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Mired in a bad mortgage? New lifelines can help
This is an archived article that was published on sltrib.com in 2012, and information in the article may be outdated. It is provided only for personal research purposes and may not be reprinted.

Consumers who have little or no equity in their homes or who have gone through financial difficulty have more options than in the past to refinance or buy another home.

After home prices started falling in mid-2007, homeowners in this situation had little luck in refinancing into a lower-rate loan. Those who lost their homes faced a long wait to buy another.

But over the past two years, government assistance programs have surfaced. In the private sector, banks and credit unions have begun to roll out programs of their own for people who have been through financial hardships.

"I don't think a lot of people realize all of the resources that are available," said Kim Casaday, president of residential lending for Zions Bank.

To get the word out, Zions is offering free counseling to Utahns — whether they are bank customers or not — to help them learn more about their options regarding homeownership. Zions also has expanded the information available on its website, The Homeowner's Cafe at Thehomeownerscafe.com.

Among key assistance efforts are the Home Affordable Modification Program, or HAMP, which helps those who are having trouble making their monthly payments get a lower mortgage rate, lower monthly payment or other type of relief that can help them avoid losing their homes.

Effective June 1, the federal government broadened eligibility for the program by including homes that are not primary residences.

There's also help for people who aren't behind on their mortgage. Home Affordable Refinance Program, or HARP, helps homeowners who are current on their mortgage but unable to refinance because of falling home values.

Information about either program is available by calling 1-888-995-4673.

Many people don't realize that the wait to buy another home after a financial meltdown has gone down. For example, rather than a wait of as much as seven years, some consumers can buy a home in as little as three to four years after a short sale, foreclosure or even bankruptcy.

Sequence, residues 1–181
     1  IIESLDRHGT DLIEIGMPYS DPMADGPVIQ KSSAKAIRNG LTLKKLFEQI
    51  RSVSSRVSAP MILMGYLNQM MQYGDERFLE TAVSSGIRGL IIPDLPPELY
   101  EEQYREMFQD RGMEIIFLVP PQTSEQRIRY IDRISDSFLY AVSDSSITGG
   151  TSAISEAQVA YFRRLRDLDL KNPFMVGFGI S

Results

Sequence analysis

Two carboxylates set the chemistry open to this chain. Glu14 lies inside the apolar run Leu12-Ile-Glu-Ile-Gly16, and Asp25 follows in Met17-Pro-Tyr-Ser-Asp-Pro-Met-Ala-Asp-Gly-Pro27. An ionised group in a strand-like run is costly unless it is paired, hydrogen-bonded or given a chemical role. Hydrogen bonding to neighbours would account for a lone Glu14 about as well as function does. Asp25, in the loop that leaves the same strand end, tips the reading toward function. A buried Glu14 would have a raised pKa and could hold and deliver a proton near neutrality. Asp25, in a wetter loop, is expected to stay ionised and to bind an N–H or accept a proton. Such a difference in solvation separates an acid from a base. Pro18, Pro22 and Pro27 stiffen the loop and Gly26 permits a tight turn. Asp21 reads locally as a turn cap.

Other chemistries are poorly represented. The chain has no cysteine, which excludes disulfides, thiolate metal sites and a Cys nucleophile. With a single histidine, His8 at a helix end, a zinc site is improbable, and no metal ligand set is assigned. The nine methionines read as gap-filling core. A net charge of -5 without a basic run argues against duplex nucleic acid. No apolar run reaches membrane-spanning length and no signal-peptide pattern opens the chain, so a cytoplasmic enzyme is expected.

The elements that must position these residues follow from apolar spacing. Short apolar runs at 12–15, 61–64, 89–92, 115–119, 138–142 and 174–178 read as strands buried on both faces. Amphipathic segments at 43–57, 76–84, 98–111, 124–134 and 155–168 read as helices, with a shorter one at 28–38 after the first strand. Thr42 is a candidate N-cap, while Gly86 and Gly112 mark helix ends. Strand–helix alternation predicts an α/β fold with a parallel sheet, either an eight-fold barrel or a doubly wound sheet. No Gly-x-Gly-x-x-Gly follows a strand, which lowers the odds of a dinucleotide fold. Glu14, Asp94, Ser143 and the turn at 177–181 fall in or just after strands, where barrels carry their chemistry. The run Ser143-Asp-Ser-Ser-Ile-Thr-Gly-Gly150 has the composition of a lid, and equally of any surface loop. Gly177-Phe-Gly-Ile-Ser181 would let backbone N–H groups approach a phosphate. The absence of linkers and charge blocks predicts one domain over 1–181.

Utah First Credit Union has even rolled out a "No Wait" home loan product designed for people who do not qualify for conventional financing.

The program is available for loans of up to $320,000, and borrowers may apply as soon as their short sale, foreclosure or bankruptcy has been completed. Qualifiers will pay a higher interest rate — around 6 percent when normal 30-year loans are less than 4 percent — and they must put down a 20 percent down payment.

Still, it's a way to buy without waiting years. "We certainly don't have enough money to lend to everybody who has been through a short sale in Utah," said Gerard van Gils, consumer lending manager at Utah First. "But we're hoping this will get the ball rolling and that other financial institutions will take note."

Utah First believes the losses in the "No Wait" mortgage may be even less than with other types of mortgage loans, given the fairly large down payment and the loan cap of $320,000.

For the time being, there is no secondary market for these types of loans, which means Utah First will carry them in its portfolio. For more information, go to http://www.utahfirst.com/pdf/nowait.pdf.

The loans could end up being a business development tool, van Gils said. Many who have taken out a "No Wait" mortgage have since transferred credit cards, checking accounts and auto loans to Utah First.

"People are fiercely loyal to us for offering this product," he said. "They are grateful."

Lesley Mitchell writes One Cheap Chick in blog form at blogs.sltrib.com/cheap.

lesley@sltrib.com

Twitter: @cheapchickFacebook.com/OneCheapChick

Programs aim to assist those in financial hardship get refinancing or crack at new home.
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